More fantastic rocks on the trek to Kilimanjaro. Here welded fine-grain, ash flows cap an ignimbrite deposit. Ignimbrite is the term for rocks deposited in pyroclastic flows. These flows are extremely violent when erupted. To walk in the presence of these now cooled rock and ash clouds was an amazing experience.

Approaching the Lava Tower.

Lava Tower from camp. We went to the top of the tower.

All of us were pretty sure that we went to the top of the Tower only so the guides could see how well we climbed on rock walls - in preparation for the Great Barranco Wall the following day.

View of Lava Tower Camp from the top of the Lava Tower. Note our group of tents on the far right (six) with the yellow and red dinner tent right of them.

View toward the Kilimanjaro massif with frozen waterfalls on its side. The is a very cold trip, even if only at 3 degrees south of the equator.

View down into the Arusha plain.

One of our first views on Mt. Meru to the west near the town of Arusha.

Looking up 4,000 feet to the top of Kilimanjaro near the Western Breach. Note the thick set of lava flows on the crest.

The dining tent where we took our meals. Only twice did we have to pack a lunch for the trail. Our hiking for the day was usually done by noon so that we could enjoy a hot lunch in the tent. The trail lunches included hard-boiled eggs, fried chicken, local peanuts, Cheese sandwiches on delicious white bread (!), and chocolate bars. The food was truly outstanding!

Day 5 - Lava Tower Camp to Barranco Wall and Karanga Valley- August 17


Sunrise on the Lava Tower.

Moonset over the Lava Tower.

Day 5 involved a net descent of over 2,000 feet to Barranco and Karanga valleys. I hated to give up such precious-won elevation but the descent helped with our acclimatization on the mountain. No one in our group ever felt the effects of altitude sickness.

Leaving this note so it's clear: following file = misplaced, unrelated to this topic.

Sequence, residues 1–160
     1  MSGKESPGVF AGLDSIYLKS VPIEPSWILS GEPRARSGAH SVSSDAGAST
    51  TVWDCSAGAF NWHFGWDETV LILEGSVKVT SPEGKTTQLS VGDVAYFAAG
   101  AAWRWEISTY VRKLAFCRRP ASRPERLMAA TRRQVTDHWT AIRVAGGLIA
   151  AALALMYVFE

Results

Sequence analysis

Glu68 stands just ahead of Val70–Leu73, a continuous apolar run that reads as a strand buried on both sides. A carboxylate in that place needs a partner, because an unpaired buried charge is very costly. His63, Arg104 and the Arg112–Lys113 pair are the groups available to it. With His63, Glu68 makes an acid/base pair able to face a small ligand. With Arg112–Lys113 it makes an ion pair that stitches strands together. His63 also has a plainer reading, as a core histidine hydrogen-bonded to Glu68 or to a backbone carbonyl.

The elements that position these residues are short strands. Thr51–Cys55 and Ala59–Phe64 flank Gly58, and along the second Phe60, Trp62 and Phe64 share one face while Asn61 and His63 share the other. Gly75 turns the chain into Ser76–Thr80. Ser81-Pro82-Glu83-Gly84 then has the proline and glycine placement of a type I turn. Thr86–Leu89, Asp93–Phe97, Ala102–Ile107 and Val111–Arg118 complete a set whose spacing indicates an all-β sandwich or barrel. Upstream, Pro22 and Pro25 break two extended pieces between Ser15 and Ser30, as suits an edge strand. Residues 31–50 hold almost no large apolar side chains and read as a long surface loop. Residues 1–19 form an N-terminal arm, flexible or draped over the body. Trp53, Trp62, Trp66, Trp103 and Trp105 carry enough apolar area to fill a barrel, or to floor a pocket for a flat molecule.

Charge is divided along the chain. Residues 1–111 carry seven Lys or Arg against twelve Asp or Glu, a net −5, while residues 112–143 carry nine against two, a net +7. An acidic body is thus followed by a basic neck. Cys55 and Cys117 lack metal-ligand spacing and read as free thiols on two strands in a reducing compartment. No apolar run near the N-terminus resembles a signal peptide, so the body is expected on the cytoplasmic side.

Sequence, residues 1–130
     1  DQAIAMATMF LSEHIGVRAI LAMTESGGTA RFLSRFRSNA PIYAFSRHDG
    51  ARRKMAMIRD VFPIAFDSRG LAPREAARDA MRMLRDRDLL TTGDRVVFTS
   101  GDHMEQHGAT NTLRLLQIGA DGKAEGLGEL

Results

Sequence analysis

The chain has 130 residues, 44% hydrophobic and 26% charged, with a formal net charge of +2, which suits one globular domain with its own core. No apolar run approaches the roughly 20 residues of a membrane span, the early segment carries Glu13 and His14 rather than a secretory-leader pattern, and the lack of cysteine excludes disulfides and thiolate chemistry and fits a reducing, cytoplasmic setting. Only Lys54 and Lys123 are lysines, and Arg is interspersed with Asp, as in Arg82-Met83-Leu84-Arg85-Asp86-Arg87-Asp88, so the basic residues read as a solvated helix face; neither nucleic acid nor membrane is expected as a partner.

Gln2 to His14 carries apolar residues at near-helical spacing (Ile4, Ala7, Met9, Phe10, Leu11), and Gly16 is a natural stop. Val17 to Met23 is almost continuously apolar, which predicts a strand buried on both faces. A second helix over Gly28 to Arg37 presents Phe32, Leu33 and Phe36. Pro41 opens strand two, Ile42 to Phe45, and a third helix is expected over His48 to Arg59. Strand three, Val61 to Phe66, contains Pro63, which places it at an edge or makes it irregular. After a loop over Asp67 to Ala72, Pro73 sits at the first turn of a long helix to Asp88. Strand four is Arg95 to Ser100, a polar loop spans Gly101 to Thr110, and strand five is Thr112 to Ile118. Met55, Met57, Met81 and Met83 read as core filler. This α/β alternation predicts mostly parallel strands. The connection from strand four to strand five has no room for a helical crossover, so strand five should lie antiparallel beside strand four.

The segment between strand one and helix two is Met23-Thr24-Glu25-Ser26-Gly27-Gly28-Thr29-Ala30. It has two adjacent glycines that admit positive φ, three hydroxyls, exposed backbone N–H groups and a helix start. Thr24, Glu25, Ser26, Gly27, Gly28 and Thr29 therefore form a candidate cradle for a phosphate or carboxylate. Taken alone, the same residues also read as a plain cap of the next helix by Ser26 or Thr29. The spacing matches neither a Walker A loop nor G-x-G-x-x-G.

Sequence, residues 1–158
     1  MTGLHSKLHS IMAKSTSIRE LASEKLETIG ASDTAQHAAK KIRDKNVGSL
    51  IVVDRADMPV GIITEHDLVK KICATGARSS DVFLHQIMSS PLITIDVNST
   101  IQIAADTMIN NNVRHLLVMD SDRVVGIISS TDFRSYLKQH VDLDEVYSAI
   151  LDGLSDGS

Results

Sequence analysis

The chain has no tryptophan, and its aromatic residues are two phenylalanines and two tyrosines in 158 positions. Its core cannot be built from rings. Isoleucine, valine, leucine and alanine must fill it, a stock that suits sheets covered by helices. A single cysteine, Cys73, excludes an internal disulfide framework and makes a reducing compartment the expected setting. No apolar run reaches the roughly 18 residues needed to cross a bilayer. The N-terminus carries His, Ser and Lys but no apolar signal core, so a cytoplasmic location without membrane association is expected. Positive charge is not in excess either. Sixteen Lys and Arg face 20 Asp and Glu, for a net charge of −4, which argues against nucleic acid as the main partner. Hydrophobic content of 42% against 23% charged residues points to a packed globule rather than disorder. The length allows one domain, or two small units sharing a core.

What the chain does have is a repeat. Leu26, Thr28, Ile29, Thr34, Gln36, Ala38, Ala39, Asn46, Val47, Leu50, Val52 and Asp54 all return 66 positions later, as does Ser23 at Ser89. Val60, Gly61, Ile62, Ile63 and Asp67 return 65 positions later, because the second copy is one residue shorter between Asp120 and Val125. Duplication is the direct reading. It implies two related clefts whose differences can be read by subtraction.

Down through the rocks from Lava Tower Camp.

There was very little vegetation at this elevation but that would soon change.

Helen R. points the way, while Lauren looks on.

Much has been said in recent years about the shrinking of the glaciers on Kilimanjaro. These glaciers began their retreat in the mid-1800's with the end of the Little Ice Age. Since that time Kili's ice has shrunk by about 90%. In this photo the Kersten Glacier is seen draping over the south slopes of Kili.

Here is the Kilimanjaro senicio tree or giant groundsel (Dendrosenecio kilimanjari). You will have to "endure" a few of these pictures as we romped through the Garden of Senicios.


They appeared much like the Southwest Joshua Tree but had leafy tops.

With Kili in the background.

The trail went right through this garden of plants. The guides were keen on making time but a few of us wanted to photograph this other-world scene and lingered a little longer through this stretch.

With the Barranco Wall in the background.

Awesome scene with Senicio's on Kilimnajaro.

Note the hiker in the background (lower left).

The clouds began to move in as we approached the Barranco Valley.

Looking up to Kilimanjaro.

Climbing the lower sections of the great Barranco Wall.

It's not really a trail at this point but the climb is only about 15 minutes long.

Near the top of the Wall, Don W. contemplates our good fortune to experience this foreign world.

Helen R. making her way down into the Karanga Valley. The mountain was completely obscured in clouds at this point as we made our way to Karanga Camp. This moment was bit deflating to me, The descent meant that we had to climb another wall to the camp. The clouds were gray and gloomy. The fine dust had penetrated every part of us. I wondered, "Why?'